- Associated Press - Wednesday, March 24, 2021

PHOENIX — A small town in Arizona has declared a state of emergency over migrant families being dropped there as a growing number of border communities grapple with how to get the families to shelters in bigger cities that can help them.

Gila Bend Mayor Chris Riggs made the declaration Tuesday, saying the town does not have the resources or funds to support migrants, many who arrive with hopes of seeking asylum and making their home in America.

“I’ve got nothing here, I’ve got no shelter, nowhere to put them,” Riggs said. “Literally, they’d be sleeping at the park, and I’m not going to do that to little children.”

Gila Bend, with a population of 2,000, does not have a hospital or shelter. It is 75 miles (120 kilometers) north of the U.S.-Mexico border and about 60 miles (95 kilometers) southwest of Phoenix.

The mayor’s declaration came after U.S. Customs and Border Protection agents on Monday dropped off 16 people, including young children, at a park in town. The group included six families, five from Venezuela and one from Chile.

“To drop people in basically the middle of nowhere, it’s 30 miles to the next type of town, and that’s 30 miles of open desert. So especially come July and August, we’re going to be finding bodies,” Riggs said.

Federal officials provided less than three hour’s notice before dropping off the latest migrant group, Riggs said, noting that he and his wife had to drive the families in loaned vans to a shelter in Phoenix arranged by U.S. Sen. Kyrsten Sinema, who couldn’t find transportation for them.

Riggs said he hopes the declaration sends a message to the state and Maricopa County that Gila Bend needs help with various issues, including virus testing.

He also said he wants the state, through the National Guard, to help the town with transportation if non-government organizations are not available.

Customs and Border Protection said in a Wednesday statement about the Gila Bend releases that the majority of migrants now encountered at the border are returned under an order from the Centers for Disease Control and Protection that aims to prevent the spread of COVID-19.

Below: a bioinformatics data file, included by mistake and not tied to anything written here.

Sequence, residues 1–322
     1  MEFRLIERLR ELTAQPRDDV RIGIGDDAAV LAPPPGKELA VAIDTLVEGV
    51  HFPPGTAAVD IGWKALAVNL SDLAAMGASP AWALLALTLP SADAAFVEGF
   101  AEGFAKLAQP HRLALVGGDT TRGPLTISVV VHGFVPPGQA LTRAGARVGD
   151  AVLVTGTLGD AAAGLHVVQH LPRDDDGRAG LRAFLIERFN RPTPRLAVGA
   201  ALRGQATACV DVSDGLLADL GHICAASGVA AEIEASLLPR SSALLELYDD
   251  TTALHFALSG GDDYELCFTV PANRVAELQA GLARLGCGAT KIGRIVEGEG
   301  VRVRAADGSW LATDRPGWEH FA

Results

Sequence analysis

“The border is not open,” the statement said.

But the agency says some migrants are being released into the U.S. based on factors including a lack of capacity in holding facilities. Customs and Border Protection says it lacks legal authority to provide transportation of people who have been processed for release and provides advance notice to local governments before dropping off migrants.

Arizona’s Pima County Board of Supervisors on Wednesday said asylum-seeking families are also being dropped off in the remote border community of Ajo, near Organ Pipe Cactus National Monument. The board agreed to prepare contracts to help transport the people to the main migrant shelter in Tucson where they can stay temporarily and be tested for COVID-19.

An overall cost for transportation was not discussed, but Pima County officials said they would seek reimbursement from the Federal Emergency Management Agency, or FEMA.

Customs and Border Protection over the past month has also released hundreds of asylum seekers in the border city of Yuma, which has no shelter or nonprofit groups to help migrants arrange travel to relatives elsewhere in the U.S. to await their court dates. Mayor Douglas Nicholls has been pushing federal officials for a solution.

In the border city of Nogales, Mayor Arturo Garino has said there has been no increase in asylum seekers. But he shares the concerns of mayors of other border cities that if it does happen, the city would not have funds to deal with the situation.


AP Writer Anita Snow contributed to this report.

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